Irvingia wombolu occurs in dryland forest with more than 1500 mm annual rainfall. In some locations it grows in seasonally flooded forest and on river banks. It is adapted to a wider rainfall range than other Irvingia spp. Trees are fire tender.
Propagation and planting
Irvingia wombolu is mostly propagated by seed, but methods of vegetative propagation have been developed. Seed loses its viability within one month and has to be planted soon after collection.
Irvingia wombolu is mostly retained and protected in cocoa and coffee farms, plantations of annual food crops, and home gardens. However, in some regions, including the Mamfe region of south-western Cameroon, most trees are planted especially in cocoa and coffee farms. They are planted at an approximate density of 100 trees/ha. Management includes pruning, fertilization and harvesting (gathering and picking).
Diseases and pests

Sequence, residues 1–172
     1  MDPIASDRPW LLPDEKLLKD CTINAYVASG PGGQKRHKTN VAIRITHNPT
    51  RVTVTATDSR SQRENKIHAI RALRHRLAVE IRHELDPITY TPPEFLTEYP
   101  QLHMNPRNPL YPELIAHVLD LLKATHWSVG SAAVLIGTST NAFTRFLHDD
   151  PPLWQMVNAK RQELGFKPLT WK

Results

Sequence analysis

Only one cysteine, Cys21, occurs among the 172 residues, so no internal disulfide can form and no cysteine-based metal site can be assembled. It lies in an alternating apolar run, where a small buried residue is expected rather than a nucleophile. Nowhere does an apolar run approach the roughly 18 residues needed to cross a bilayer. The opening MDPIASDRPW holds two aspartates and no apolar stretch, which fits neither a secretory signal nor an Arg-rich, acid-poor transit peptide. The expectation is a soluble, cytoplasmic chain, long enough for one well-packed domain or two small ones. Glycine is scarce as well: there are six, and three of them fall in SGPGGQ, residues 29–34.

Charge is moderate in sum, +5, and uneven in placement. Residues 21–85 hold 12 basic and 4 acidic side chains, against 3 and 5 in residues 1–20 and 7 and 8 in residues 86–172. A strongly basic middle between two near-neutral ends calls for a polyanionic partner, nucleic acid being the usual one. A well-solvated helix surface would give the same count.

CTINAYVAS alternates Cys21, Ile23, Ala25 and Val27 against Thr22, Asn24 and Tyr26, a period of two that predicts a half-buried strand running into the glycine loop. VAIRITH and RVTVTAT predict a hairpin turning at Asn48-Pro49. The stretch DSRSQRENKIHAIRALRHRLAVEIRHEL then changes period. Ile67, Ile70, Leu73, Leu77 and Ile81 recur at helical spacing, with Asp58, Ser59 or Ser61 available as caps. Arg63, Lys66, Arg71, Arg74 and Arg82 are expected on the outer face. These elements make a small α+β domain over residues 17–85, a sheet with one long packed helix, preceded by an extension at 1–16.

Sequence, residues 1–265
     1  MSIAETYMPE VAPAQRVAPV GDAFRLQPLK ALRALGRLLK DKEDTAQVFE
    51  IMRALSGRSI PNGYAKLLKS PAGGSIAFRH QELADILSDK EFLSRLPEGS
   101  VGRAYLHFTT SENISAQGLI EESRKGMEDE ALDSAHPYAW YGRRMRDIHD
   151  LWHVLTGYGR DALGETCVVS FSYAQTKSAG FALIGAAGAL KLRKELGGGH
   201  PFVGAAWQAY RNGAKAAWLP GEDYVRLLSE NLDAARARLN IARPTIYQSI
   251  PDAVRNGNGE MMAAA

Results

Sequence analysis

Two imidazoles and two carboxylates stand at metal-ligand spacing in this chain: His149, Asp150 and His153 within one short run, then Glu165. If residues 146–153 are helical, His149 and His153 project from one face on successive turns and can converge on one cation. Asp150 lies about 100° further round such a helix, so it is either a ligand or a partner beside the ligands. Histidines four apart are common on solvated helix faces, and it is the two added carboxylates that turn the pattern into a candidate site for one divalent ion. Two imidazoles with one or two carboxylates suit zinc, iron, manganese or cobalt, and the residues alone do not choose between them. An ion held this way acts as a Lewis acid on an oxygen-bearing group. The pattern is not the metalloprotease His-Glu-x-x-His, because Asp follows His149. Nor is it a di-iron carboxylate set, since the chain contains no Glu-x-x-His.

No diseases or pest of Irvingia wombolu trees have been recorded. Seeds are infested by larvae of the merchant grain beetle (Oryzaephilus mercator). Eggs are laid between the testa and cotyledons of the seed or in cracks in the cotyledons. Preventing cracks helps to prevent infestation.
Irvingia wombolu fruits are mostly gathered from the ground around the tree. The next step consists of extracting the kernel from the seed, which is split in halves with a cutlass, after which the kernel is removed with the help of a knife. The kernels are then dried in the sun or on bamboo drying racks over the fireplace in the kitchen.
Good yields of kernels have been estimated at 100 kg/tree.
Handling after harvest
The preparation of ‘dika bread’ consists of drying, roasting and grinding the kernels. The paste obtained is put in a container or ‘cake tin’ and left to cool for a few hours. Once solid, the cake is removed from the container and is ready for use. If well dried, it can be stored for more than a year. Sometimes women place a tin below the grid on which the dika cake is stored, to collect the oil that drips from it. In Gabon ‘dika bread’ is marketed in cakes of 100–5000 g. Oil is extracted by boiling the ground kernels and scooping off the oil.